How can we help more community college students graduate


Like many of her peers who planned to attend community college, Monique L. Harvey faced challenges that often derailed a student’s dreams. His were particularly sharp. She struggled with homelessness, financial insecurity and more.

“Where am I going to live, how will I keep my grades, how will I pay?” She remembers asking herself.

In her quest for a college degree, Monique saw the promise of an exciting career and economic and social mobility. She has also seen how intimidating it can be. Almost half of all post-secondary students in the United States start at two-year colleges, where graduates earn more than 40% more than a high school graduate. Yet nationally, two-thirds of full-time first-time degree-seeking students who enroll in community college do not graduate within three years.

In Chicago, the three-year community college graduation rate is just under 23%. The reasons are many: from juggling debts, family responsibilities and jobs to lack of role models and pressing social and emotional needs.

Now 23, Monique graduated in 2019 from Kennedy-King College, one of Chicago’s City Colleges, with an associate’s degree, followed by a bachelor’s degree from Columbia College. She now works as a family coach at Metropolitan Family Services with the aim of combining her interests in music, films and community advocacy.

Her journey shines a light on what is possible for all students when a wide range of resources are available. Monique attributes not only her drive and determination to her success, but also support including mentoring and professional coaching, connections to social and housing services, emergency financial assistance and clothing for interviews.

She remembers standing in front of Kennedy-King students during Saturday sessions with her coach, sharing the good news she gathered: “I found an apartment and a job, I’m vice president of the student government and I have a radio show. . “

A research-based approach

Monique is one of thousands of students – at the seven City Colleges and three suburban community colleges – who have enjoyed the full support of Chicago-based One Million Degrees. His achievements are not one-off anecdotes.

They are part of a growing body of evidence across the country that shows the significant impact that support programs have on community college student enrollment, persistence and, most importantly, graduation rates. diploma. “OMD was the backbone that I didn’t know I was missing,” says Monique.

New research from the University of Chicago Inclusive Economy Lab finds that students at City Colleges of Chicago and Harper College in Palatine who enrolled in the OMD program were 18% more likely to graduate within three years. At a time when university enrollments are declining at four-year and two-year colleges, the news is more encouraging: years.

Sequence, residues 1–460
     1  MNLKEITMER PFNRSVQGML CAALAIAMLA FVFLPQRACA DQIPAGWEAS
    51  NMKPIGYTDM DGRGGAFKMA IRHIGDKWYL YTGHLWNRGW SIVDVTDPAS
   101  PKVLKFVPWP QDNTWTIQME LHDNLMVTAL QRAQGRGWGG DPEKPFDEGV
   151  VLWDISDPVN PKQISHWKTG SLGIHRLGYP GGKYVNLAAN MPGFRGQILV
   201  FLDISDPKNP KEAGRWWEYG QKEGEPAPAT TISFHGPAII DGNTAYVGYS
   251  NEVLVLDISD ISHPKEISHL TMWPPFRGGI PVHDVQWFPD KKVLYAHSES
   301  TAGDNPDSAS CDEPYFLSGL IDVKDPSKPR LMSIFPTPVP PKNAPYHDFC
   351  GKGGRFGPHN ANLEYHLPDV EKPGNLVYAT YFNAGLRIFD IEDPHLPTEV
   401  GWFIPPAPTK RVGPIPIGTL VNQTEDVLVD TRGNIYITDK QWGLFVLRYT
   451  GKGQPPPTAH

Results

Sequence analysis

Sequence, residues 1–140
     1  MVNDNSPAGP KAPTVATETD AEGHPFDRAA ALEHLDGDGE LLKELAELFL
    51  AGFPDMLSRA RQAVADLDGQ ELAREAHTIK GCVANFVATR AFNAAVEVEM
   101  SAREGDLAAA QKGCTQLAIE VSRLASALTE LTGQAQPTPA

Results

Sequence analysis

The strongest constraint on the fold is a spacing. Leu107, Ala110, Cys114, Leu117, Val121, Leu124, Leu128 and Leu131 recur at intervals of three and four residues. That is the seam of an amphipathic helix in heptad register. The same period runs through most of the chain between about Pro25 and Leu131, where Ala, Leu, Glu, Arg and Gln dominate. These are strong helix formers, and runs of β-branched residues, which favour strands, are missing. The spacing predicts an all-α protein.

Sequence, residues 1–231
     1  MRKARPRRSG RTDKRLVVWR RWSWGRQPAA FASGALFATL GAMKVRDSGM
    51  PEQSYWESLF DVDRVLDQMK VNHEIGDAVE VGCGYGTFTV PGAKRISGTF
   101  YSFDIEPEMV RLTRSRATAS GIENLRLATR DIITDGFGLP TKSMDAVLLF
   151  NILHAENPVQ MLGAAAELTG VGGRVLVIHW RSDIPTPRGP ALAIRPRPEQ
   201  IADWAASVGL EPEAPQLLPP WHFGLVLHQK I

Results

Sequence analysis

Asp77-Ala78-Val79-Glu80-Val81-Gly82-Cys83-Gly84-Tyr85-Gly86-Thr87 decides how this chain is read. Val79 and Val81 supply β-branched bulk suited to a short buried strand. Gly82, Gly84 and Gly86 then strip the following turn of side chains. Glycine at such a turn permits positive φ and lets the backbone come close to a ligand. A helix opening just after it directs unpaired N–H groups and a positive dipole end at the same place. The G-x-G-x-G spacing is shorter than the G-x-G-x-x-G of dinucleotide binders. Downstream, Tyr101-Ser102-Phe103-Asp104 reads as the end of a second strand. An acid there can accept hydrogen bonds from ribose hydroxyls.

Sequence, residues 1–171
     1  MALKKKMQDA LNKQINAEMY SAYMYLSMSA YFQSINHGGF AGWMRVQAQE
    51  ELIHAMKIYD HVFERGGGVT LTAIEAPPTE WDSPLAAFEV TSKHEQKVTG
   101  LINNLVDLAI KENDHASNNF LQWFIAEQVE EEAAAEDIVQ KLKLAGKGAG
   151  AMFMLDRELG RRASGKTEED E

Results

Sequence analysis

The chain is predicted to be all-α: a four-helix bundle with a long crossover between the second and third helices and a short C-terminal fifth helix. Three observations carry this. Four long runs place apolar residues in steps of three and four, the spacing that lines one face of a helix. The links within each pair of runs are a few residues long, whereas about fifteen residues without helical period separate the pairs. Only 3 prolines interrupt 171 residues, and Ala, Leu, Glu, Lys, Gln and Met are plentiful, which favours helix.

When prospective students are hesitant about what to expect, knowing that there are others out there supporting them can make a huge difference.

The latest findings are based on research from two years ago that found a significant impact on the enrollment and persistence of students in the OMD program.

The role of community colleges has been at the center of the national debate on higher education; President Biden called for free tuition in his Build Back Better plan, though the proposal was later scrapped. But these findings and research from other programs are important when it comes to increasing the odds of graduating and providing a brighter economic future for underrepresented women, black students, and LatinX. In a rapidly changing economy, research is also important for employers, who are increasingly turning to community colleges for training and retraining. In Chicago, “earn and learn” partnerships between community colleges and businesses are growing, offering apprenticeships and career certificates.

The pandemic has tested community college students like never before and made the importance of supportive programs even clearer. OMD is expanding its services this fall to Colorado through a new partnership with the Colorado Department of Higher Education to help low-income adults obtain college degrees or diplomas in Adams County, outside of Denver.

Monique’s story and this latest research is a call to action, to accelerate the growth of programs like MDGs in Chicago and across the country. Community college students, whatever challenges they may face, are capable of extraordinary things when surrounded by supportive relationships.

If we believe in creating a fairer and more equitable society and workforce, we must support them and support them.

Aneesh Sohoni is Managing Director of One Million Degrees.

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